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President Asks Congress to Authorize Tribunals for Detainees

September 6, 2006 at 6:10 PM EDT
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JIM LEHRER: And the president’s terrorist announcement, Ray Suarez has our story.

RAY SUAREZ: President Bush defended the previously secret CIA program to imprison and interrogate high-level al-Qaida detainees captured early in the war on terror. Today was the first time he spoke of it publicly.

GEORGE W. BUSH, President of the United States: This program has been and remains one of the most vital tools in our war against the terrorists. It is invaluable to America and to our allies. Were it not for this program, our intelligence community believes that al-Qaida and its allies would have succeeded in launching another attack against the American homeland. By giving us information about terrorist plans we could not get anywhere else, this program has saved innocent lives.

This program has been subject to multiple legal reviews by the Department of Justice and CIA lawyers. They have determined it complied with our laws.

RAY SUAREZ: The president also announced, he was sending to Congress new rules for military tribunals to try hundreds of detainees being held at Guantanamo Bay.

Among his audience in the White House East Room were family members of 9/11 victims.

BUSH: We’re now approaching the five-year anniversary of the 9/11 attacks. And the families of those murdered that day have waited patiently for justice. Some of the families are with us today. They should have to wait no longer.

So, I’m announcing today that Khalid Shaikh Mohammed, Abu Zubaydah, Ramzi Binalshibh, and 11 other terrorists in CIA custody have been transferred to the United States naval base at Guantanamo Bay.

BUSH: They are being held in the custody of the Department of Defense. As soon as Congress acts to authorize the military commissions I have proposed, the men our intelligence officials believe orchestrated the deaths of nearly 3,000 Americans on September the 11th, 2001, can face justice.

With these prosecutions, we will send a clear message to those who kill Americans. No longer — how long it takes, we will find you and we will bring you to justice.

RAY SUAREZ: The Bush administration’s original plan, to try detainees in military tribunals, was struck down by the Supreme Court in June. A majority of justices ruled, the tribunals needed to abide by the rules of the Geneva Conventions and be authorized by Congress.

BUSH: Some ask, why are you acknowledging this program now?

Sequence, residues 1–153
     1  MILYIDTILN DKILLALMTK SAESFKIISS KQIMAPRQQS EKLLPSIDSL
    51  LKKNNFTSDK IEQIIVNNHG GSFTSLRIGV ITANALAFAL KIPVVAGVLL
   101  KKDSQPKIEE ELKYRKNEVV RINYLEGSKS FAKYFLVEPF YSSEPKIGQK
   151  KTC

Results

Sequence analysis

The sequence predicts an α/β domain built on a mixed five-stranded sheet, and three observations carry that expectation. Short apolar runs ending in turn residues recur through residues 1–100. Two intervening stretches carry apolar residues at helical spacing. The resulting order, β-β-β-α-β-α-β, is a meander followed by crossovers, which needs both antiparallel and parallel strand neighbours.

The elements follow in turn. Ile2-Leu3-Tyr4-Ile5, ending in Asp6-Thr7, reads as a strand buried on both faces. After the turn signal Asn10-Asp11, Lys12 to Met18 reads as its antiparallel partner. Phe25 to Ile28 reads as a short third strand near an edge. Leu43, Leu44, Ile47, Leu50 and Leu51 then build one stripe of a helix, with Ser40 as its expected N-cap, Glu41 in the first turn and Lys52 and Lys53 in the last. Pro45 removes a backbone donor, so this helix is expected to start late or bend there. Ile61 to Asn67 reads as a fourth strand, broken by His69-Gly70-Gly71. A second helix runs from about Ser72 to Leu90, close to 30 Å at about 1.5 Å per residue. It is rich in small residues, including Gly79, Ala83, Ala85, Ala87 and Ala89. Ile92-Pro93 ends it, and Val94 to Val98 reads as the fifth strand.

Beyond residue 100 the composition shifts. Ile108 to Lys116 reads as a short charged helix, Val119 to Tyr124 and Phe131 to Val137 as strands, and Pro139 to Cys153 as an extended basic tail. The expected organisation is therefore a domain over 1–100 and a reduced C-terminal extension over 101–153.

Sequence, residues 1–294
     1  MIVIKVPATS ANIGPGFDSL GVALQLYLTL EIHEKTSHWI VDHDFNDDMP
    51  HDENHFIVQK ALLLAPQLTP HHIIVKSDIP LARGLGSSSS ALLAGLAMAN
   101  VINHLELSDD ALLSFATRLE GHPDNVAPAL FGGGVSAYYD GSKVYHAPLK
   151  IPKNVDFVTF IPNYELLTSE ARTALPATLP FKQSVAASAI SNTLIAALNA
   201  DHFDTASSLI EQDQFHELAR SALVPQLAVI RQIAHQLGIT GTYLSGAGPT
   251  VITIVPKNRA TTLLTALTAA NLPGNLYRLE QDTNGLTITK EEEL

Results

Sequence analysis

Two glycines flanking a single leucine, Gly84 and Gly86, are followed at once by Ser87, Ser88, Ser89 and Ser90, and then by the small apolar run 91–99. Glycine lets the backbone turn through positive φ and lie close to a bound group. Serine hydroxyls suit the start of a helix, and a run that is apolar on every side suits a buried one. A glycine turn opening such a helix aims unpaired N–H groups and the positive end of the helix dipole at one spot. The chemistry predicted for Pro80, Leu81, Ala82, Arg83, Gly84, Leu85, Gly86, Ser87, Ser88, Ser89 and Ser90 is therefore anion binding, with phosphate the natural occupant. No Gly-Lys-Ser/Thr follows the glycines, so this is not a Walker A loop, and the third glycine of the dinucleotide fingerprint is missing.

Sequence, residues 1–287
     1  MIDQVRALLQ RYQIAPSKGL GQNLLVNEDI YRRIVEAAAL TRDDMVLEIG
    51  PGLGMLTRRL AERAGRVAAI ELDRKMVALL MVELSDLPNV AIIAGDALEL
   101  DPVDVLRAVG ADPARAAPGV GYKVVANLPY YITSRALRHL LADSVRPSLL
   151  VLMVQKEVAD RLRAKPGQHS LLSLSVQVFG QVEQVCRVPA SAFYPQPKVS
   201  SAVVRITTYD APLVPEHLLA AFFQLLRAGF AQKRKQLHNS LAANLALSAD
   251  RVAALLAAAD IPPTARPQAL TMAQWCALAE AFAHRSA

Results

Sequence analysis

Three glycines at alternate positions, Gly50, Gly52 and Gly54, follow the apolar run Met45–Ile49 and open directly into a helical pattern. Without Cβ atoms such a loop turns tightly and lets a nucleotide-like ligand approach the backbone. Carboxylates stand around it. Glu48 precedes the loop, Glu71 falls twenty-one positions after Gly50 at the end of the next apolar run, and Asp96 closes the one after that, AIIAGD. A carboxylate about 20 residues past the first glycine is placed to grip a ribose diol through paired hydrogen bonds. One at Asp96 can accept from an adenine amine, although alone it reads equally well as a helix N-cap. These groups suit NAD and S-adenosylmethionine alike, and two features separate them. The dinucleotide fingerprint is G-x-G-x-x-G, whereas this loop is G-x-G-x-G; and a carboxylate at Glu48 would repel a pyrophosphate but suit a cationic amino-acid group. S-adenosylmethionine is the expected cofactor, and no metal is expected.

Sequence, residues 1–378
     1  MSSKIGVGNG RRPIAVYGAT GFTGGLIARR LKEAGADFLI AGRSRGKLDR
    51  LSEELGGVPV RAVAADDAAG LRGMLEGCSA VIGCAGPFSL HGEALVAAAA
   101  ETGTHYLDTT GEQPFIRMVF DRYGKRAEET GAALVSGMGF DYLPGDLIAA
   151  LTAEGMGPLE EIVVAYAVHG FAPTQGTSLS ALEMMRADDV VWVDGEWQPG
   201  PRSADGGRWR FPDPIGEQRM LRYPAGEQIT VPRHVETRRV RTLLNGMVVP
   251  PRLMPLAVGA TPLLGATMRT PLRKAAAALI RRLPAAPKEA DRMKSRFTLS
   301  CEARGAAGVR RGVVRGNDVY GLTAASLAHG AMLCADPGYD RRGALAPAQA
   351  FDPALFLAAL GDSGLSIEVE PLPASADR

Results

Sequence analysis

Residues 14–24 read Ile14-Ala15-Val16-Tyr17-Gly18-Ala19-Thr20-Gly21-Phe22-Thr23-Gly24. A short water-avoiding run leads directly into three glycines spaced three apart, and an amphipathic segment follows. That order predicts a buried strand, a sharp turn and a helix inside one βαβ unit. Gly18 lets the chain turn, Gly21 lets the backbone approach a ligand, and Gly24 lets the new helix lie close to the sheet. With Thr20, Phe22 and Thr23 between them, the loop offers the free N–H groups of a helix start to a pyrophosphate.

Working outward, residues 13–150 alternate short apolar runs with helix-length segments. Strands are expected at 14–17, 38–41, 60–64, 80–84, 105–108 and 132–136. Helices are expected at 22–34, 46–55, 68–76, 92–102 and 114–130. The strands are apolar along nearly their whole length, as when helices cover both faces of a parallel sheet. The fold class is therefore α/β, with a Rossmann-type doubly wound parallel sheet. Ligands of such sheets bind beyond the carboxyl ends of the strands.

There are two reasons why I’m making these limited disclosures today.

First, we have largely completed our questioning of the men. And, to start the process for bringing them to trial, we must bring them into the open.

Second, the Supreme Court’s recent decision has impaired our ability to prosecute terrorists through military commissions, and has put in question the future of the CIA program. In its ruling on military commissions, the court determined that a provision of the Geneva Conventions known as Common Article 3 applies to our war with al-Qaida.

This article includes provisions that prohibit — prohibit outrages upon personal dignity and humiliating and — and degrading treatment. The problem is that these and other provisions of Common Article 3 are vague and undefined.

And each could be interpreted in different ways by American or foreign judges. And some believe our military and intelligence personnel involved in capturing and questioning terrorists could now be at risk for prosecution under the War Crimes Act, simply for doing their jobs in a thorough and professional way.

This is unacceptable.

RAY SUAREZ: Congress plans to take up Mr. Bush’s legislative proposals next week.

In the public eye

Eugene Fidell
Institute of Military Justice
The ghost detainees, people who have been outside the reach of the International Committee of the Red Cross, people who have been the subject of the renditions that we have heard about here and elsewhere, these things have been extremely troubling.

RAY SUAREZ: Now, some analysis of today's announcements on suspected terrorist detainees from Brad Berenson -- he was associate counsel to President Bush from 2001 to 2003 -- and from Eugene Fidell -- he is president of the National Institute of Military Justice.

Brad Berenson, what's the significance of acknowledging the existence of the CIA detention network, and, at the same time, sending 14 of its most notorious inmates to Guantanamo for trial?

BRAD BERENSON, Former Associate White House Counsel: I think that the -- the larger significance of this is that the administration is finally fighting back in the public arena.

Finally, it has decided that it needs to expose to public view previously classified information about what it has been doing, to whom, and exactly what dividends that's been paying, in terms of public safety and -- and the war effort.

And I think that's because of a perception in the administration that, over the last few years, they have been taking a beating in the international community and, frankly, domestically as well, in part because they have had to fight with one hand tied behind their back.

Because all of this information has previously been classified, it has really been difficult for them to demonstrate that the programs the president has put in place are not simply some sort of power grab by the executive; they're not pretextual; but, really, they are at the heart of what has kept us safe since 9/11; they have produced tangible successes; and that they are vitally necessary for continuing to fight the war.

And I think this is sort of a coming-out party for the administration, where it is now engaging in the public -- in the public debate over this more robustly than it has.